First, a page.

|Unique geometric patterns on a mausoleum in Samarkand|
‘Where are you from?’ a man in a white Daewoo slows down to ask us this question as he passes.
‘America,’ says Flounder.
‘How is my country?’ he asks, the car now past us.
‘Great!’ says Flounder.
‘Beautiful!’ I chime in.
The man drives off smiling.
We’re in Samarkand now, our sixth stop in Uzbekistan, and we’ve been met at every turn with warmth, curiosity, enthusiasm, and kindness.
Hours later, in the relief of the evening, we walk down the same small street—barely wide enough for one car—passing a mother with her two small children. The boy, toddly and a bit uncertain on his legs, greets us.
‘Hello how are you I’m fine thank you!’ he squeaks, the words sliding together to make a single sentence.
Next his sister, not older than five, takes her turn.
‘Hello how are you I’m fine thank you!’ Again the words slide together, this time in a melodic song, one that’s stuck in my head through the next day.
It’s hot in Samarkand. It’s been hot everywhere in Uzbekistan, but somehow I feel it more acutely. Maybe it’s the wide, shadeless lanes and the grand, sun-beat plazas.
The majesty of the city is unmistakable, and even for one who’s not a history buff, it’s impossible to remain unmoved by the history of Samarkand. Situated firmly on the Silk Road, visited by Alexander the Great, by Chenggis Khan, ruled by Amir Timur (a venerated hero in Uzbekistan) and educated by his grandson, the renowned astronomer Ulugbek.
|Registan at night|
Much has been written of the Registan, a collection of gloriously tiled medrassas facing each other and somehow still standing through the buffeting of hundreds of years of earthquakes. There’s nothing new to say. Indeed, facing the fluted domes and the glittering tiles of the lion-tigers of the Sher-Dor Medrassa as the sun set and the colors shifted and glowed, I sat content in a wordless state. I couldn’t find the words, but in that moment I really didn’t need any.
|The Sher-Dor Medrassa|
We’re sitting in the precious shade near the Bibi Khanym Mosque. It’s midday and the air is starting pick up heat. Two teenage boys stand near us and it’s clear they want to approach. I smile and they come over, gesturing to their camera phone. Flounder and I stand up to pose for a few photos with the younger boy.
‘Rakhmat,’ he says.
‘Thank you,’ the older boy translates.
|Commotion as the market closes|
We’re walking past the Bibi Khanym Mosque when we spot a commotion near the Siob Bazaar. It’s 15 minutes past closing time and the sellers are keen to unload their wares before the trip home, while the buyers are looking to score a bargain. It’s whirl of activity, with changing money and bundles of herbs changing hands. We walk closer and the vibrant smell hits us. First a wave of dill, a high note above the medley of parsley, cilantro, mint, and basil. There are green onions too, small and pungent.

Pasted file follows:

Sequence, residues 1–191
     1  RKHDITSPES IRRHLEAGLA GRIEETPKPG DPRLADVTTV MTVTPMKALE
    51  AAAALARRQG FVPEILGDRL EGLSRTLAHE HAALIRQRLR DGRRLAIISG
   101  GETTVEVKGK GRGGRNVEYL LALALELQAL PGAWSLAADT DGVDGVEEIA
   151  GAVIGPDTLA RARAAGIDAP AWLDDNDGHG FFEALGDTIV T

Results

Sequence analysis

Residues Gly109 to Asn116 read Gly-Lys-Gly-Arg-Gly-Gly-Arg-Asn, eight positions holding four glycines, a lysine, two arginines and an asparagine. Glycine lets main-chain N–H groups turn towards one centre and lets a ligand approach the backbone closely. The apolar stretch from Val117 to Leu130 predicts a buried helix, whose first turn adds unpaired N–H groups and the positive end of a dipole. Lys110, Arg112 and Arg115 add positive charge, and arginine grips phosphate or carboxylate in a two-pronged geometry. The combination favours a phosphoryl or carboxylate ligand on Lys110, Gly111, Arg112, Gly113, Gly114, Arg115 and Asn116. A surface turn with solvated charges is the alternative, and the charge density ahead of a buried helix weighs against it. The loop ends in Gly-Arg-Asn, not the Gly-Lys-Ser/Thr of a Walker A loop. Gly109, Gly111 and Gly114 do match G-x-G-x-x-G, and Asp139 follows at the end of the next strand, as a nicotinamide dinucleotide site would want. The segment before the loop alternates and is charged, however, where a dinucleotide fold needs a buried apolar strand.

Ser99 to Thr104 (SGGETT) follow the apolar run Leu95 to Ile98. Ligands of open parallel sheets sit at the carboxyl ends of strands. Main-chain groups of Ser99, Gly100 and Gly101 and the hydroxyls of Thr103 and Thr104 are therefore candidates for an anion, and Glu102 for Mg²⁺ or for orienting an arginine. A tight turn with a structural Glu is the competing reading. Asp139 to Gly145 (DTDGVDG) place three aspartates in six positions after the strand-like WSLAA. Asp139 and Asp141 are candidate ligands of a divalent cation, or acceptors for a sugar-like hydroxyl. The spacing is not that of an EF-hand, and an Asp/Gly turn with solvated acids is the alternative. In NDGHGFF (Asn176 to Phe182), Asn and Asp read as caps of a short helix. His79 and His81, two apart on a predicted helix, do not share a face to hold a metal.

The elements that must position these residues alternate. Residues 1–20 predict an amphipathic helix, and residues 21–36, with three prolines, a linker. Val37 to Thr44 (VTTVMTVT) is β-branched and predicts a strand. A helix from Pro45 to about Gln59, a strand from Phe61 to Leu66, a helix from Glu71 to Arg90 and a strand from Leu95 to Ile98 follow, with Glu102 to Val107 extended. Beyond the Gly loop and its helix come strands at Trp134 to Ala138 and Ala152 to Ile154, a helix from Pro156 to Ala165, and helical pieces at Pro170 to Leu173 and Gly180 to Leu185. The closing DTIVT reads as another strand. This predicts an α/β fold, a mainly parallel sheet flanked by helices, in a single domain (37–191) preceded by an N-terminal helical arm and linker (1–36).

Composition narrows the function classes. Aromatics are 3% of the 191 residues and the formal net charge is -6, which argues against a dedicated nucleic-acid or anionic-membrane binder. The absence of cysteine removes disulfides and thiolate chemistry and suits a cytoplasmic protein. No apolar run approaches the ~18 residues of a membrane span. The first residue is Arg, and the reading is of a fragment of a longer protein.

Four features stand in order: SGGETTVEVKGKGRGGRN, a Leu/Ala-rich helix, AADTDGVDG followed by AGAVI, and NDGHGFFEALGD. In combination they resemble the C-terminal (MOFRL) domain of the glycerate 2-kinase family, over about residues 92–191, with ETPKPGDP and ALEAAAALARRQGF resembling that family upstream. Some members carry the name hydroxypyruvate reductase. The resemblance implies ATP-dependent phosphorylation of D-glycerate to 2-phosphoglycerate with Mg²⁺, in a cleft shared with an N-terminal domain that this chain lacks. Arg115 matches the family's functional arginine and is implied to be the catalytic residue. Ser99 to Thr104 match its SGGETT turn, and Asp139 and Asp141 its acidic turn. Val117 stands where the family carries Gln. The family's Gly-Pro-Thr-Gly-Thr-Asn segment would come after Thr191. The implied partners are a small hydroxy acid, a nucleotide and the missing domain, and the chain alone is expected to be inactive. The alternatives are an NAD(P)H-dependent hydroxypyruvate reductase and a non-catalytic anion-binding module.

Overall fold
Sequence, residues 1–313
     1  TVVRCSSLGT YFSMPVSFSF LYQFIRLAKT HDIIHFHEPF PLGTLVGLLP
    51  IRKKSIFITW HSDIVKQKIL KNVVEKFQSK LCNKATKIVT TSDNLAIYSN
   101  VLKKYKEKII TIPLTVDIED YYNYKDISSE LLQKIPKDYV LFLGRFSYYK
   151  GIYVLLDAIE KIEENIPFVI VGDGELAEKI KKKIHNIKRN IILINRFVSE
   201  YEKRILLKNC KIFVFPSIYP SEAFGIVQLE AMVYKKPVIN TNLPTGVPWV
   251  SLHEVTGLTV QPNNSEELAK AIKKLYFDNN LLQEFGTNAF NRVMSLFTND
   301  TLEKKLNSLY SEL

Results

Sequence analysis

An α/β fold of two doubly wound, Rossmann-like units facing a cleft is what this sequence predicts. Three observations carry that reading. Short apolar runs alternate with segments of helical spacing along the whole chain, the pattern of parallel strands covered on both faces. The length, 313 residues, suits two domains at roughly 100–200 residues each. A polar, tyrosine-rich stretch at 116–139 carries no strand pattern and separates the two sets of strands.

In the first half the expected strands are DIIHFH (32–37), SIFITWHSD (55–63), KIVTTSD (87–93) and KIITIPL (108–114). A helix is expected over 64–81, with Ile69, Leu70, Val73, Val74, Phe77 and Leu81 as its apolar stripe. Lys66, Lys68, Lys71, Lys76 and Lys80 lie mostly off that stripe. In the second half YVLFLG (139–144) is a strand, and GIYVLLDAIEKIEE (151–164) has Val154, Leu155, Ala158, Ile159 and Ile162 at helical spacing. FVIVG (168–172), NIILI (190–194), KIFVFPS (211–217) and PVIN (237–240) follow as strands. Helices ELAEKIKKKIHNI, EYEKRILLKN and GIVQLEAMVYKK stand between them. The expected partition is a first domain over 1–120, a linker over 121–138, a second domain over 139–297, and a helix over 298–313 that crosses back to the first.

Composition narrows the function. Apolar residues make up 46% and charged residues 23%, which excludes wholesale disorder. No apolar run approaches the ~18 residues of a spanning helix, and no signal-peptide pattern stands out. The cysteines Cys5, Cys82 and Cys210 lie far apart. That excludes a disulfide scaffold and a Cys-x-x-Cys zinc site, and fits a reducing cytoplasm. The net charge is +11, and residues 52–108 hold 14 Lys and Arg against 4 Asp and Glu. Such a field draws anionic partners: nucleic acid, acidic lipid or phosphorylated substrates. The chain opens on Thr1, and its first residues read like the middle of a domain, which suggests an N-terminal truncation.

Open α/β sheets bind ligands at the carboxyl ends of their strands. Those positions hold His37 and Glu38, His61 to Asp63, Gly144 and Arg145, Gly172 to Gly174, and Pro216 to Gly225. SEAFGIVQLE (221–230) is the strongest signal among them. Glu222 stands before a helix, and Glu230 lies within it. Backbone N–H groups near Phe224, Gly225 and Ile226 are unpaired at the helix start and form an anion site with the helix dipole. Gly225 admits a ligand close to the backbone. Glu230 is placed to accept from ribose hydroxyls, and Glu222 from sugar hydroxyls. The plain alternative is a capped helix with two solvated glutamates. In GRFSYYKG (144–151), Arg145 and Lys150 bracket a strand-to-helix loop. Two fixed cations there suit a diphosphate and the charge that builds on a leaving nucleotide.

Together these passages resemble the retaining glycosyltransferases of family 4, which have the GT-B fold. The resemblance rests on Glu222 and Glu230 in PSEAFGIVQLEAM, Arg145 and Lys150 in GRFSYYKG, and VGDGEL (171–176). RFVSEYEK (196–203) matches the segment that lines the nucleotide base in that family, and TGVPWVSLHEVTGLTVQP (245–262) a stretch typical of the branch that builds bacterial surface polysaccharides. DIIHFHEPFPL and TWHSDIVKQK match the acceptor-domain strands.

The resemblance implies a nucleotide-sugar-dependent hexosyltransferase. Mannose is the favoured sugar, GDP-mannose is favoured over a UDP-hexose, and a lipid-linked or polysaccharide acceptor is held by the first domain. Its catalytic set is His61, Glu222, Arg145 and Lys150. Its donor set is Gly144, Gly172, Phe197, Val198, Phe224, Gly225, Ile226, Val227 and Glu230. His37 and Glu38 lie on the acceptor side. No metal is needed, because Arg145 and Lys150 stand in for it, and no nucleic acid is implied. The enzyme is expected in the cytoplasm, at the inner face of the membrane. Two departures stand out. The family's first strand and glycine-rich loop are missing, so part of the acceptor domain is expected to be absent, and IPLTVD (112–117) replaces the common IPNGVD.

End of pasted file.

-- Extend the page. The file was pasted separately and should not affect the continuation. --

|The fluted dome of the Bibi Khanym Mosque|
Behind us the sun sets on the fluted dome of the mosque, tiled in designs and Arabic writing in shades of blue, and I turn away from the bazaar to admire the gleaming majolica of the dome and to notice the stock-straight weeds that have somehow burst from between the tiles of the 600-year-old and some 40-meter-tall dome.
From the dwindling din of the bazaar, a halvah seller calls out to tempt me. I bargain for a chunk of the fresh, flaky halvah made, unlike the more common sesame variety, from sunflower seeds.
The day is ending and we’re quickly losing heat and light as we climb a hill northeast of Samarkand. We pass through a modern cemetery, haunted by the etched portraits of the deceased looking down on us from each gravestone. Then, without warning the cemetery shifts from modern to centuries old. We’ve entered the Shoh-i-Zinda street of mausoleums, a row of beautifully tiled mausoleums from the 14th and 15th centuries. It’s a revered site and there are locals praying around us. As we walk, we hear the somber and melodic singing of a priest reverberating through the street while the pious gather around him, cupping their hands in a gesture of receiving blessings.
Walking back through the old city, we stop for two glass-bottle Cokes, the kind you drink in the shop because the small bottles are collected, sterilized, and reused. I don’t really like Coke, but I like these tiny, eco-before-it-was-cool bottles.
It’s our last night in Samarkand and we’ve spent the day among ancient ruins of the eleven-cities-deep Afrosiob and among young curious teenagers of Samarkand, excited to hear about our impressions of their city and country.
|Cotton candy sellers in the fading light|
After dinner, the light has faded by the time I walk back to the guesthouse and pass dozens of families, strolling and chatting, enjoying the night air. As I walk, I can feel the heat break and, at last, release its choke hold on the city. The clouds darkly roll in and for the first time during our travels in Uzbekistan, the sky opens, rain pours down, and I feel shiveringly, happily cold. Flounder, gone ahead to our guesthouse, somehow finds me with his umbrella and we walk back arm-in-arm through the narrow, dark lane.